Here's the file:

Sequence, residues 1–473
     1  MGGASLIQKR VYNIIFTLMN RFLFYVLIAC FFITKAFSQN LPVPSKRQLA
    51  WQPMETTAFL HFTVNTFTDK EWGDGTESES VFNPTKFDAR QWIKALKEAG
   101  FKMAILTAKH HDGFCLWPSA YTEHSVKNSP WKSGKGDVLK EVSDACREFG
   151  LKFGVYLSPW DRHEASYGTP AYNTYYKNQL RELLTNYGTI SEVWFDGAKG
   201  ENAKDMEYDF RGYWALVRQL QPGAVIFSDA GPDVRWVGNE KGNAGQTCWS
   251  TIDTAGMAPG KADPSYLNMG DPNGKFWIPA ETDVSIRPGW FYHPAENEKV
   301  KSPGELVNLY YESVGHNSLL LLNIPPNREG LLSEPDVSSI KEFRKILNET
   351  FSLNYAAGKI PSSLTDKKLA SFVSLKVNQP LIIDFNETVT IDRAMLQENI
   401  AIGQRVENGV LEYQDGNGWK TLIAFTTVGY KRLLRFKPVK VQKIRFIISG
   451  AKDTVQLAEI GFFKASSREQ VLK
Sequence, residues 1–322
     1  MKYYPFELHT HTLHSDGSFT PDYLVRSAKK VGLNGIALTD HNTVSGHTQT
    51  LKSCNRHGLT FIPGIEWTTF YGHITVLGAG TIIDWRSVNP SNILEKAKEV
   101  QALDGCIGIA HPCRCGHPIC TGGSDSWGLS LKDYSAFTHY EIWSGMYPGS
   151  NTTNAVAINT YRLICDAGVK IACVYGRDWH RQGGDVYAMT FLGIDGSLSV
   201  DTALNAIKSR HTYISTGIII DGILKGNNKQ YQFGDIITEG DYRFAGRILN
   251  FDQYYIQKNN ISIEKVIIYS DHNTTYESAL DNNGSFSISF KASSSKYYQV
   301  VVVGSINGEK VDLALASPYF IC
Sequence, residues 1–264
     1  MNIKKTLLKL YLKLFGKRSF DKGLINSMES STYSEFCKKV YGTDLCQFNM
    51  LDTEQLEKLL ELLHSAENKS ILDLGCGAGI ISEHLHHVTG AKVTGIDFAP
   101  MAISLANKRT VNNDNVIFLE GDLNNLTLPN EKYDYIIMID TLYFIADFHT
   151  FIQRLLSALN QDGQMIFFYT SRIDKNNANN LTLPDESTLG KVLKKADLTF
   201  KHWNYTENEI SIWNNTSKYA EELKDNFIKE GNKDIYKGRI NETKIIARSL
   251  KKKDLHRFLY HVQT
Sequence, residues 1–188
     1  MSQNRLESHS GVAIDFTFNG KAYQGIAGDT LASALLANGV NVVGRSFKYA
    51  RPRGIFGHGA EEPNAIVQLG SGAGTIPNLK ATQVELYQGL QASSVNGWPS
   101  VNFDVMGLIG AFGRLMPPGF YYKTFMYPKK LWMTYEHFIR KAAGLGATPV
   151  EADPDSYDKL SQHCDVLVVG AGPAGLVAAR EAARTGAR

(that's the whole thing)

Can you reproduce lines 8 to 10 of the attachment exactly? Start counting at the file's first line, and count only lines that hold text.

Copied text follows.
   301  KSPGELVNLY YESVGHNSLL LLNIPPNREG LLSEPDVSSI KEFRKILNET
   351  FSLNYAAGKI PSSLTDKKLA SFVSLKVNQP LIIDFNETVT IDRAMLQENI
   401  AIGQRVENGV LEYQDGNGWK TLIAFTTVGY KRLLRFKPVK VQKIRFIISG